[F]rom February 2013 to March 2017, despite its penny stock activity, BNP did not develop and implement a written AML program that could reasonably be expected to detect and cause the reporting of potentially suspicious transactions. Until 2016, BNP's AML program did not include any surveillance targeting potential suspicious transactions involving penny stocks, even though BNP accepted the deposit of nearly 31 billion shares of penny stocks, worth hundreds of millions of dollars, from its clients, including from so-called "toxic debt financiers." BNP also did not implement any supervisory systems or written procedures to determine whether resales of securities, including the penny stocks deposited by its customers, complied with the registration requirements of Section 5 of the Securities Act of 1933. As a result, BNP facilitated the removal of restrictive legends from approximately $12.5 million worth of penny stocks without any review to evaluate the transactions for compliance with Section 5.During the same period, BNP processed more than 70,000 wire transfers with a total value of over $230 billion, including more than $2.5 billion sent in foreign currencies. BNP's AML program did not include any review of wire transfers conducted in foreign currencies, and did not review wires conducted in U.S. dollars to determine whether they involved high-risk entities or jurisdictions.BNP's AML program also was understaffed. For example, although BNP effected more than 70,000 wire transfers during a two-year period, with a total value of $233 billion, during a majority of that period, only one investigator was tasked with reviewing alerts relating to wires originating from BNP's brokerage accounts. Although BNP identified many of these deficiencies as early as January 2014, BNP did not fully revise its AML program until March 2017. As a result, BNP did not identify "red flags" indicative of-or review-potentially suspicious activity involving the deposit and sales of penny stocks or foreign wire transfers that may have required the filing of a suspicious activity report.
Between February 2011 and April 2016, Levoff - the top corporate attorney at "Company-1," who also served as the company's assistant secretary and corporate secretary -allegedly misappropriated material, nonpublic information about Company-1's financial results and then executed trades involving the company's stock. This scheme to defraud Company-1 and its shareholders allowed Levoff to realize profits of approximately $227,000 on certain trades and to avoid losses of approximately $377,000 on others.Levoff used his position as a member and co-chairman of Company-1's Disclosure Committee - which reviewed and discussed the company's draft quarterly and yearly earnings materials and periodic U.S. Securities and Exchange Commission (SEC) filings before they were disclosed to the public - to obtain material, nonpublic financial information about Company-1. Levoff used this confidential information to buy and sell stock in Company-1 ahead of its quarterly earnings announcements. When Levoff discovered that Company-1 had posted strong revenue and net profit for a given financial quarter, he purchased large quantities of stock, which he later sold for a profit once the market reacted to the news. When he learned that Company-1 had posted lower-than-anticipated revenue and net profit, he sold large quantities of Company-1 stock, avoiding significant losses.Levoff was subject to Company-1's regular quarterly "blackout periods," which prohibited individuals who had access to material nonpublic information from engaging in trades until a certain period after the company disclosed its financial results to the public. Levoff ignored this restriction, as well as the company's broader Insider Trading Policy - which he was responsible for enforcing - and instead repeatedly executed trades based on material, nonpublic information without Company-1's knowledge or authorization. On several occasions, Levoff executed trades within a blackout period after notifying other individuals subject to the restriction that they were prohibited from buying or selling Company-1 stock until the blackout period terminated.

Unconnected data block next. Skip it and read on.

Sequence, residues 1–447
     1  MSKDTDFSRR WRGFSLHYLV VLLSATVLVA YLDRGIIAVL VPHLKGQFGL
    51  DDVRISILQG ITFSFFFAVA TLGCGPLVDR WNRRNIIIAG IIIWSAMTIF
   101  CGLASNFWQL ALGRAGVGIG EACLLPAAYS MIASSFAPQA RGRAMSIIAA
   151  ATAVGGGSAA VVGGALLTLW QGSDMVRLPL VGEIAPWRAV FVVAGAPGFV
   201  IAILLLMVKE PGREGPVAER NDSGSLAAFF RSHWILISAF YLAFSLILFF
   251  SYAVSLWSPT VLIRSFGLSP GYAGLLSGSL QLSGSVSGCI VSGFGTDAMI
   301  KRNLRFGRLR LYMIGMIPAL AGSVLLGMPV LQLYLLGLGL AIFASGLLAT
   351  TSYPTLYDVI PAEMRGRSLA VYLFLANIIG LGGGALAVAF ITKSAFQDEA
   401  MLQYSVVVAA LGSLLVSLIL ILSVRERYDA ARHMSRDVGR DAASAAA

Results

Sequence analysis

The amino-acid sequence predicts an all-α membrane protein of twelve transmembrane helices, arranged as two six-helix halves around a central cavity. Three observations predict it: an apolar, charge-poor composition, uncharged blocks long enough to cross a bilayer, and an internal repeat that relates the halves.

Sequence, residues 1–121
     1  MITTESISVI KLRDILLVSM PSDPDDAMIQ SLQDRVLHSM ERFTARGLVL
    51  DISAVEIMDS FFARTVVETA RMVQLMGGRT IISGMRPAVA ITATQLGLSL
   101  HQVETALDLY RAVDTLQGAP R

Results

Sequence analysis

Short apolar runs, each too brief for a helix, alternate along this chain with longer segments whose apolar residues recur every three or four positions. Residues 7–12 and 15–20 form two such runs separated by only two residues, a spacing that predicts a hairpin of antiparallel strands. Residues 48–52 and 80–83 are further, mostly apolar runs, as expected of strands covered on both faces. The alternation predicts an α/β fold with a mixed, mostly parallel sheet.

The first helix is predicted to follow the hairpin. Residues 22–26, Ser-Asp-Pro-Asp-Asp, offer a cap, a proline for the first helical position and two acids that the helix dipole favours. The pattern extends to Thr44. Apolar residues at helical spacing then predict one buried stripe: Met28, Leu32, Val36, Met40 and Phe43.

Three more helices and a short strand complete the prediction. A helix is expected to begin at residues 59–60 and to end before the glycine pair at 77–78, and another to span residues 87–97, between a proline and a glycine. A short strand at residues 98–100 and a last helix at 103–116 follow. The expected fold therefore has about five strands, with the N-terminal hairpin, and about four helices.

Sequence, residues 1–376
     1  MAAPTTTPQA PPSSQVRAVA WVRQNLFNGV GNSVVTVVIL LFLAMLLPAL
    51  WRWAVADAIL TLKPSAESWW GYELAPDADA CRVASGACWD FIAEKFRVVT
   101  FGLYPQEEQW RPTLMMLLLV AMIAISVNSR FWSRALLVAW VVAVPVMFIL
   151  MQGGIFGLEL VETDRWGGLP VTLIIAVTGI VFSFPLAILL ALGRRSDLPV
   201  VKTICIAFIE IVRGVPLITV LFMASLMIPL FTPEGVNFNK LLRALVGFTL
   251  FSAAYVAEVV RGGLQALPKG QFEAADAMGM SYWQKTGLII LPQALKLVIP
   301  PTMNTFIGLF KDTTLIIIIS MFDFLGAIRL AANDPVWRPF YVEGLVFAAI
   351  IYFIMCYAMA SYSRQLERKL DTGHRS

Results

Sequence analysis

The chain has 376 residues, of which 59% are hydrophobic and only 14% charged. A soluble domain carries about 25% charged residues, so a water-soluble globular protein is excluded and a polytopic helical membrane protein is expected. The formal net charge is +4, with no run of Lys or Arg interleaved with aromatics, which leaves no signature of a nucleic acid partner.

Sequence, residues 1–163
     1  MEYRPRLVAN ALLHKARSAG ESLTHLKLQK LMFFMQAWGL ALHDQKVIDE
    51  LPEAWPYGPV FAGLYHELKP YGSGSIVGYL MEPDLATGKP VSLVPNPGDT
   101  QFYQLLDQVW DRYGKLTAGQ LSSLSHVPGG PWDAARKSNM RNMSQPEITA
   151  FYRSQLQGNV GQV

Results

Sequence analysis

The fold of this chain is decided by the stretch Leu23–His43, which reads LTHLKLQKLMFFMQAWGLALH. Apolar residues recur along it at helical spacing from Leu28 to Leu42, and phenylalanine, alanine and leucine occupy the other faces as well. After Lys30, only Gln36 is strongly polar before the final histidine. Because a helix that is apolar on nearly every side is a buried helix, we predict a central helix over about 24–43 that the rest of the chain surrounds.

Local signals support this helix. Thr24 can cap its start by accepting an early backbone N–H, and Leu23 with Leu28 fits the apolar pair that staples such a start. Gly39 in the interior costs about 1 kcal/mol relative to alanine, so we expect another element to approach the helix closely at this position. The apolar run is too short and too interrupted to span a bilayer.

[L]ee was a Managing Director in the Firm's Private Banking and Investment Group. As a registered representative, Lee was required to personally complete his assigned Firm Element CE modules and other assigned training throughout the year by certain deadlines set by the Firm. For 29 CE modules assigned to him by the Firm during the Relevant Period, Lee instructed two members of his staff, a financial analyst and a client associate, to complete the CE modules on his behalf, rather than completing the modules himself.Specifically, Lee instructed his staff to complete the following seven Firm Element CE modules on his behalf: 2016 "Annual Compliance Discussion Video and Acknowledgment" module; 2016 and 2017 "Key Policy Review" modules; 2017 "Regulation GG: Unlawful Internet Gambling Enforcement Act" module; 2017 "Deceased Customer Notification" module; and 2016 and 2017 "Product and Sales Practices" modules. In addition, Lee instructed his staff to complete eight CE modules required by laws and regulations apart from FINRA Rule 1250(b). For example, these modules covered topics including: United States Federal Reserve Regulation W; the 2016 Fair Credit Reporting Act; financial crimes compliance; and the Department of Labor Fiduciary Rule. In addition, Lee instructed his staff to complete 14 CE modules required by the Firm. These modules covered topics including: the Merrill Lynch Code of Conduct; market-linked investments; risk appetite; business continuity awareness; and information protection.At Lee's direction, these individuals ensured that the above-referenced training was completed on Lee's behalf, and Lee did not complete this training himself. As a result of the foregoing, Lee violated FINRA Rule 2010.